Reducing Indoor Exposure to Particle Pollution from Outdoor Sources: Policies and Programs to Improve Air Quality in Homes

January 2020

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Particulate matter (PM) is one of the most significant air pollutants in terms of public health impacts. Exposure to particle pollution is associated with a range of respiratory and cardiovascular symptoms and diseases, as well as premature death. While the U.S. has achieved notable progress in reducing ambient air pollution over the past several decades, communities throughout the country still experience levels of particle pollution that put people at risk.

Most exposure to outdoor particle pollution occurs inside buildings, where people spend the large majority of their time. Particles in outdoor air enter buildings through cracks and gaps in the building envelope and through natural or mechanical ventilation. Fortunately, building science provides solutions that can help reduce indoor exposure to outdoor pollutants. States, tribes, and local governments can improve public health by strengthening building design, construction, operation, and maintenance practices to reduce indoor exposures, especially for people who are most vulnerable to the health effects of particle pollution. By taking action now, policymakers and agency officials can increase the resilience and adaptive capacity of individuals and buildings in the years ahead.

This report supports such efforts by discussing a range of policy and program opportunities for reducing indoor PM exposure in residential buildings and, to a more limited extent, school buildings. While the report is focused on particulate matter generated outdoors, people are also exposed to particles emitted indoors. Policy and program strategies tailored to specific indoor sources – e.g., enhanced exhaust ventilation in kitchens or restrictions on wood-burning devices – are also important and will be addressed in future ELI reports.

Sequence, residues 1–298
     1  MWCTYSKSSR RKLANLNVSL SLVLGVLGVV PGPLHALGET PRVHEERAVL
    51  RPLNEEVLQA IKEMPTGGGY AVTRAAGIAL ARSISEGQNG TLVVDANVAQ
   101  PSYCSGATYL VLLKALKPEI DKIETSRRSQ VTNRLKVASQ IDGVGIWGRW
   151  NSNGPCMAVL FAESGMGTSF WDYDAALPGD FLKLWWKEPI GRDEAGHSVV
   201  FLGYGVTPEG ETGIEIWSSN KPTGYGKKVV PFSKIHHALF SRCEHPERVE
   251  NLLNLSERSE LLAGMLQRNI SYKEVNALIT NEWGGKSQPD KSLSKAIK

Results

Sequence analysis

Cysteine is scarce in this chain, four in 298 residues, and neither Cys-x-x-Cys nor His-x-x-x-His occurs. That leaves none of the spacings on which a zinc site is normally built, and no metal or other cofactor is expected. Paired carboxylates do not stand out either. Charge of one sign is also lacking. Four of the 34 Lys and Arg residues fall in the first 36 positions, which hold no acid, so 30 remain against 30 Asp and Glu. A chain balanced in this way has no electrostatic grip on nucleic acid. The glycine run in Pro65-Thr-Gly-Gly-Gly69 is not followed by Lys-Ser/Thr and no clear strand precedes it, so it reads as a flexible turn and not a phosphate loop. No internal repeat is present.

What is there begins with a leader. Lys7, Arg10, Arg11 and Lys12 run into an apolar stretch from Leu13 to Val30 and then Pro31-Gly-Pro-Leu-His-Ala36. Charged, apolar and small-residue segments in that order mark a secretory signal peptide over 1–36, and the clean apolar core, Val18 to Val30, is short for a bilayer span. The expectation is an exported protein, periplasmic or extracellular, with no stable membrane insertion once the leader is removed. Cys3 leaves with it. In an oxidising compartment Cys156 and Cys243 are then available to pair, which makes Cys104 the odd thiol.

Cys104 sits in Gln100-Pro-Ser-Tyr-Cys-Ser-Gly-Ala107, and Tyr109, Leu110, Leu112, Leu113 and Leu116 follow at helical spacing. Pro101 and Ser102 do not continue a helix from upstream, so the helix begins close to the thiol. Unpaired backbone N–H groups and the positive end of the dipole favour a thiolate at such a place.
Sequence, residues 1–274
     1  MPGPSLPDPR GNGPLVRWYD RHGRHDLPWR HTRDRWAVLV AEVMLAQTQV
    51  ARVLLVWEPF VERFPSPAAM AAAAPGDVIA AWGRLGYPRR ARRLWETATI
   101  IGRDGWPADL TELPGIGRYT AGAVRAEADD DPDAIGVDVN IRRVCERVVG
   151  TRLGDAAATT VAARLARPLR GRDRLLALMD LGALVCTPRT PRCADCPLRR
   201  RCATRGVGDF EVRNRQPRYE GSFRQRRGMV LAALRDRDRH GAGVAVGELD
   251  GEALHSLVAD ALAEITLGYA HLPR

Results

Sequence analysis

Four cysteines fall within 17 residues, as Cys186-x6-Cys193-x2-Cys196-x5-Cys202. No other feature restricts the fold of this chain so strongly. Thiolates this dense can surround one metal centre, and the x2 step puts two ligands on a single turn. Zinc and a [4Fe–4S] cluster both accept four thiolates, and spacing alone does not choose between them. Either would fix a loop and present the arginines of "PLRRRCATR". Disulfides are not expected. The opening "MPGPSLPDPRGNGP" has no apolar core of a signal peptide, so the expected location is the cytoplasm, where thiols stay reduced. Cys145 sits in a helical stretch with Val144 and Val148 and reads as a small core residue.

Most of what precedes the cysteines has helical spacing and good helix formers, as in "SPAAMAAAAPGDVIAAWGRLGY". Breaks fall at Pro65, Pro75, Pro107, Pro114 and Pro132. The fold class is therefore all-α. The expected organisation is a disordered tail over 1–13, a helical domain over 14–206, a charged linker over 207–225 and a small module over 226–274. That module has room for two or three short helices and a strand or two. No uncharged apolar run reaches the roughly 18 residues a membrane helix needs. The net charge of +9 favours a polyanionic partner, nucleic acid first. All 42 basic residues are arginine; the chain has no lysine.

This report is organized into three chapters:

  • Chapter One (Introduction) – provides background on the health effects of particulate matter, the current particle pollution problem in the U.S., and technical solutions for reducing indoor exposures.
  • Two (New Construction) – discusses building codes and other policies that can advance key technical practices for reducing indoor exposure to outdoor PM in new homes, highlighting California's recent adoption of building code requirements for high-efficiency air filtration. The chapter addresses new construction generally, as well as the construction of new homes near local pollution sources such as major roadways.
  • Chapter Three (Existing Homes) – discusses policies and programs for reducing PM exposures in existing homes, including financial assistance programs that could be made available to assist vulnerable households. The chapter focuses on reducing indoor PM exposures generally and addressing extreme PM events, such as wildfires. 

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